A small congregation replaces its manse with a mission
by Mark Ray | Presbyterians Today
This article originally appeared in the September/October 2016 of Presbyterians Today.
For more than a century, the manse next to First Presbyterian Church in tiny Baird, Texas (population 1,600), served many functions: as the church’s first sanctuary, as a home for a string of pastors, and as space for vacation Bible School and adult Sunday school classes. In recent years, however, it had become an albatross, a dilapidated structure that was too expensive to repair and too expensive to demolish.
“We talked as a church family about needing to do something, but everybody was concerned about demolition because of the asbestos,” says Nicki Harle, church treasurer. And, of course, members worried about letting go of their church’s history.
“It was a very emotional thing because it had been the first church, but it was in terrible disarray,” says Pat Parker, clerk of the session.
Then the 40-member congregation—which hasn’t had a full-time pastor since 2013—began dreaming big, imagining what might happen if it were to replace the aging manse with an open-air pavilion that would serve church and community alike.
“Our church is located right downtown—right next to the courthouse, near the main street of town,” Harle says. “Anything we could do to improve that lot and the usability of it was not just beneficial to the church but beneficial to the community.”
Without a blueprint or a budget, church members began thinking and acting creatively. First, they secured a $5,834 grant from the West Texas Council of Governments to cover an environmental assessment. (Baird is a member of the council and was eligible to receive the funding.) Then they received a $23,000 grant from Palo Duro Presbytery to pay for demolition and found a demolition contractor, a colleague of a longtime church member, who was happy to cut them a deal.
“He almost made no money on it because of what we were doing; he gave us a wonderful bid,” says Parker. “He just said it was something he needed to do.”
From there, members began raising money for the design and construction of what would be a 42-foot-square pavilion. They dipped into their own pockets and cashed out a couple of the church’s CDs, but they also found others who were willing to support the cause. An Abilene lumber company helped the organizers identify an artist to create a conceptual drawing they could show to potential contractors. The Synod of the Sun provided a $10,000 community service grant, half of which went toward a new wheelchair-accessible restroom that would also serve the adjacent fellowship hall. And then there was the local beautician who often does work at the funeral home Parker and her husband, Skip, own.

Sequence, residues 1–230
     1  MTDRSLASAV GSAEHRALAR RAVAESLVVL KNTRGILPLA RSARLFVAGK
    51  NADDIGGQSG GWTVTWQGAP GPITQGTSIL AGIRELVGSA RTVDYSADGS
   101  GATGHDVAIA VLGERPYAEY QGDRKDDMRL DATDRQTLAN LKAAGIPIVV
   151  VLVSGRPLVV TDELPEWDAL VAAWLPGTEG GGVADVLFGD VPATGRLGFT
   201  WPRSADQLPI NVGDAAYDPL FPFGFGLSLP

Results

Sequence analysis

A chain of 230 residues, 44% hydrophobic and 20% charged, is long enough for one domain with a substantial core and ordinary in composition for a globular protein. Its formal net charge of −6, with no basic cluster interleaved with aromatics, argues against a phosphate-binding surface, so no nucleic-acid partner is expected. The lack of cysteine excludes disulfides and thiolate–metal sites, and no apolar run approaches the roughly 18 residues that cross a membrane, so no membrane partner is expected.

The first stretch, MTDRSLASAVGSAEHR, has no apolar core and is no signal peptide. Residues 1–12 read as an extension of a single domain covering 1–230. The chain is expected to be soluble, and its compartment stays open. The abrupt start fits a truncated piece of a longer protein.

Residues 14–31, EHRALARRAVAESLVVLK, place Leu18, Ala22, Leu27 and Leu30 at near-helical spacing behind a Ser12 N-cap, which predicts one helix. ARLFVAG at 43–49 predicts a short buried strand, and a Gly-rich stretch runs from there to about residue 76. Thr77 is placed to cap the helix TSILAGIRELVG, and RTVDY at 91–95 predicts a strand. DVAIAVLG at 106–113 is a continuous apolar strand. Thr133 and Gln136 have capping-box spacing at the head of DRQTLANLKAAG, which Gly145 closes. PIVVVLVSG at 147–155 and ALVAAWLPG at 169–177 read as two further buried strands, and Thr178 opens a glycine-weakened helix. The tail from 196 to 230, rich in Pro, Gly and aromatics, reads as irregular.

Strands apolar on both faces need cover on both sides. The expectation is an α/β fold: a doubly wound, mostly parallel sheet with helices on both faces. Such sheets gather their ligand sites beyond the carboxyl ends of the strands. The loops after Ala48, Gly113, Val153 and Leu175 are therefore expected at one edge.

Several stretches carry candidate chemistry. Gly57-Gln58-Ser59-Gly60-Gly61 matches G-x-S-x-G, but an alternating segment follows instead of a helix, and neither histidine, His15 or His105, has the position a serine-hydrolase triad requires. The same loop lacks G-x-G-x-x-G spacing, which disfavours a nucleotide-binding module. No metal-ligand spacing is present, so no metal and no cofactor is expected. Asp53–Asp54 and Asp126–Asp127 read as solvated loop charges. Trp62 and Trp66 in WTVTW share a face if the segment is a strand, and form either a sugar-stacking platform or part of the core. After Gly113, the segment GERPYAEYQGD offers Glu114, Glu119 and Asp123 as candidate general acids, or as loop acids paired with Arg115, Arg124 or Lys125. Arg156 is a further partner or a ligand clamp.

“Every time my husband would give her a check, she’d turn it over and sign it and say, ‘Here, put this in the pavilion fund,’” Parker says.
All told, the church raised about $65,000 for construction and for the purchase of tables, chairs, and sound and lighting equipment. “We managed to get it done and not go into debt,” Harle says.
The new pavilion preserves the history of the old building. The stone entryway is actually the entryway of the old manse, and other stones from the manse were used as decorative elements. (Unused stones were given to church members as keepsakes.) “That was part of what appealed to a lot of the people that donated to the project,” says Harle. “They liked preserving the history.”
Even before the new pavilion was completed, the Callahan County Historical Commission held a meeting there in the summer of 2015. The site has also been used for other civic meetings, weddings, concerts, a blood drive, and First Presbyterian’s inaugural “truck or treat” program on Halloween as trick-or-treaters walked around the facility and received candy. “It’s been very special,” Parker says. “People are very aware that we’re here.”
Parker thinks the pavilion is part of why First Presbyterian is growing in both community impact and membership. In the past few years, it has celebrated three adult baptisms—an impressive number for such a small church—and is beginning to see more young families in worship.
With creative thinking, sacrificial giving, and the support of friends, neighbors, and its presbytery and synod, First Presbyterian Church has turned the albatross next door into a phoenix rising from the ashes.
Mark Ray is a freelance writer based in Louisville. A frequent contributor to Presbyterians Today, he has written curriculum for the Presbyterian and United Methodist churches. He also writes extensively for the Boy Scouts of America.
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